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Re: New Mesozoic bird papers (advance publication)
Denver Fowler <firstname.lastname@example.org> wrote:
> I couldn't agree more. Feduccia's (1993) measurement method is flawed: and was
> pointed out as such by Glen and Bennett (2007) -which isn't cited at all.
Yep, the omission of Glen and Bennett (2007) is bewildering to say the
least. G&B's claw study provided quantitative data in support of the
hypothesis that the first birds (and their maniraptoran relatives)
spent time in *both* the trees and on the ground. This is something
that a lot of us had suspected, and it delivers a kick in the cojones
to the old "arboreal-versus-cursorial" dichotomy.
However, the Burnham &c paper seems to want to put _Archaeopteryx_ and
_Microraptor_ permanently in the trees as "specialized arborealists".
This does not gel with the osteologies of these animals, which point
to a bare minimum of adaptations for aboreal locomotion. To me, these
maniraptorans look like terrestrial cursors upon which a relatively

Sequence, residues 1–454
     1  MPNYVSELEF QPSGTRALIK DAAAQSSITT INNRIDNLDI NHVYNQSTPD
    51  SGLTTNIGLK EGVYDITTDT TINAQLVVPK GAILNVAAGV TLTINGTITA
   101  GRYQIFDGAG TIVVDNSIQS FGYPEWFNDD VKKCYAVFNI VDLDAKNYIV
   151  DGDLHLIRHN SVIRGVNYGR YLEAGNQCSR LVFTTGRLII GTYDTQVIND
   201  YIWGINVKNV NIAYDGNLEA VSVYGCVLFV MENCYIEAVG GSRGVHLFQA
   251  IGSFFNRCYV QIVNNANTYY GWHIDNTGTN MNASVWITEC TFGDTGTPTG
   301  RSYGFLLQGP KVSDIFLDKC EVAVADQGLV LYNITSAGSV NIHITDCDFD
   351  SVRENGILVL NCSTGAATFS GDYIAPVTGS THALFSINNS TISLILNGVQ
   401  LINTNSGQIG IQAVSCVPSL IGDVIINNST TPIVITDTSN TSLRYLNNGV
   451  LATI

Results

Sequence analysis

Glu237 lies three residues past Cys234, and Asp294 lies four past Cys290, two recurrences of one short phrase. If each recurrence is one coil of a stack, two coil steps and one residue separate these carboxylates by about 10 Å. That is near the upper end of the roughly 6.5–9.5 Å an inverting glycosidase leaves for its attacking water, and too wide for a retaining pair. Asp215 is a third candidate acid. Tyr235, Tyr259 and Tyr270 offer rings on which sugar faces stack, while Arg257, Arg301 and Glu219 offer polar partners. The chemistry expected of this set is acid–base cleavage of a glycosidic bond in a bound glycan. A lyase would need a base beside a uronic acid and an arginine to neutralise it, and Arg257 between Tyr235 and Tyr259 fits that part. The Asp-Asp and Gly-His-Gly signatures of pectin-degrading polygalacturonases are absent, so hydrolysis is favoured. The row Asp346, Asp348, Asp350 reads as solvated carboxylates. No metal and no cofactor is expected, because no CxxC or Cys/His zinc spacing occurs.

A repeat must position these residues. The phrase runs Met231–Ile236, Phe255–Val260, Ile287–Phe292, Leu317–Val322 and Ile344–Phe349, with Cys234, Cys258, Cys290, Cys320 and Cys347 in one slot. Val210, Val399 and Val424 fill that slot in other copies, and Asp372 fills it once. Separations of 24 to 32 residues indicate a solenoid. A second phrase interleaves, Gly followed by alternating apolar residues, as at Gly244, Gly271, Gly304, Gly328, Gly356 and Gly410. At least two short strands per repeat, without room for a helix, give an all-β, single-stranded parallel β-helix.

few arboreal and aerial adaptations had been grafted - such as the
shape of the claws, and the development of long aerodynamic feathers
on the limbs and tail.
It is also inappropriate to invoke the claw curvature of
_Archaeopteryx_ and _Microraptor_ in support of perching, because
(unlike perching birds) _Archaeopteryx_ and _Microraptor_ did not have
a specialized perching pes. Although the hallux was positioned
further down on the pes compared to the primitive theropod condition,
it was still very short compared to modern perchers, and was not even
reversed. I'm ready to accept that these maniraptorans did climb
trees; but the notion that _Archaeopteryx_, _Microraptor_ and friends
were "specialized" for arboreality is absurd. They were probably
experimenting with arboreal (and aerial) locomotion, but IMHO were not
specialized for arboreality, or for flight.